MOTHERS with a full-time job need to work for up to four months of the year just to break even on their childcare costs, research has found.
But there are strong regional variations across Britain, with mothers in the South West having to work for almost 19 weeks a year before the cost of a childminder or a nursery is covered – compared with just over 15 weeks for mothers in the West Midlands, according to mutual Family Investments.
Yorkshire and Humberside was a notable exception, with mothers needing to work an above-national average 17.7 weeks a year.
The findings are based on a mother having one young child and having no childcare help from relatives or government schemes to help working parents.
On average, the study found that a mother pays £7,127 a year to a childminder or nursery and would need to work for 17 weeks a year before she has broken even on these costs.
The research used average childminder and nursery costs taken from local authorities as well as regional earnings figures from the Office for National Statistics (ONS).
London was found to have the highest typical annual childcare costs, at £9,283 – but London mothers also had the highest average wages at £15.07 an hour.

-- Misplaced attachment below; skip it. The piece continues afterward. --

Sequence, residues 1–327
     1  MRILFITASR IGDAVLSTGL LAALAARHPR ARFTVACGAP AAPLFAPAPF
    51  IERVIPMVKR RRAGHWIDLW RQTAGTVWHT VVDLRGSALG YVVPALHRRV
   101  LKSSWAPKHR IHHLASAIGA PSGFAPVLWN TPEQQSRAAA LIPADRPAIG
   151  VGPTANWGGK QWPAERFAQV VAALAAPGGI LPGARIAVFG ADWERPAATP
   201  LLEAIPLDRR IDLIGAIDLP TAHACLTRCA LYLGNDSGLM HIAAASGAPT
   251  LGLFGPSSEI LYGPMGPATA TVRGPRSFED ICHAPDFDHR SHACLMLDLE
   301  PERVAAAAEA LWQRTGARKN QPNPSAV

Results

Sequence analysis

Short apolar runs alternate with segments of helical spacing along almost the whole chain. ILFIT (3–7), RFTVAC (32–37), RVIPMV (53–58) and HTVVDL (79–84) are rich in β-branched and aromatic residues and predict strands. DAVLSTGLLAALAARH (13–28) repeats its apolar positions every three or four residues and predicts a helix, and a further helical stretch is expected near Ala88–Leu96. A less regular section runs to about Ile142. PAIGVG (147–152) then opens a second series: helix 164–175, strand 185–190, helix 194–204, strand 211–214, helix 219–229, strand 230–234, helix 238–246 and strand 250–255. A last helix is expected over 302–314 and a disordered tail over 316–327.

This means that the number of weeks they need to work a year to break even is around average, at just under 17.
Mums living in the north tend to need to work for a week less a year than those living in the south of England to break even on their childcare costs, researchers said.
Kate Moore, head of savings and investments at Family Investments, said: “These figures highlight the very significant costs mums face if they choose to return to work after maternity leave and the fact that they will spend up to four months of the year simply working towards these costs.”
She added: “What really jumps out from these figures is both the scale of the costs involved and the disparities in local affordability.”
Parents are entitled to increased levels of help with childcare costs after their child’s third birthday, with 15 hours a week of free early education.